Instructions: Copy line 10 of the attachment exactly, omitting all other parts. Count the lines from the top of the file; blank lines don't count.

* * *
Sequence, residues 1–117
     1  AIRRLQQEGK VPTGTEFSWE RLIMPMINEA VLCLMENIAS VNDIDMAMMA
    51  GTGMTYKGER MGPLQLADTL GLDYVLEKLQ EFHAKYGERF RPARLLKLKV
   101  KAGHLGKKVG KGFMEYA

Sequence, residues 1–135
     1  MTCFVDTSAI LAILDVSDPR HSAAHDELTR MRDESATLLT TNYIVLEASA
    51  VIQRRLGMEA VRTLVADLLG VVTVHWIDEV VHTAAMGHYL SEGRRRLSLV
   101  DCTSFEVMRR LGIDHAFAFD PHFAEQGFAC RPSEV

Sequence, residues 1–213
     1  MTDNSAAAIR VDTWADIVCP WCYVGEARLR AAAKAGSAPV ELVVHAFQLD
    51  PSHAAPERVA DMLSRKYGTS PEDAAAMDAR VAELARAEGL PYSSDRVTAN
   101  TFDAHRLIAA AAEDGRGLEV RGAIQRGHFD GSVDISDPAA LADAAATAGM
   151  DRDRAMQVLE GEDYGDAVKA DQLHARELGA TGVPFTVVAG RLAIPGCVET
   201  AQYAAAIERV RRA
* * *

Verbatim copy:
     1  MTDNSAAAIR VDTWADIVCP WCYVGEARLR AAAKAGSAPV ELVVHAFQLD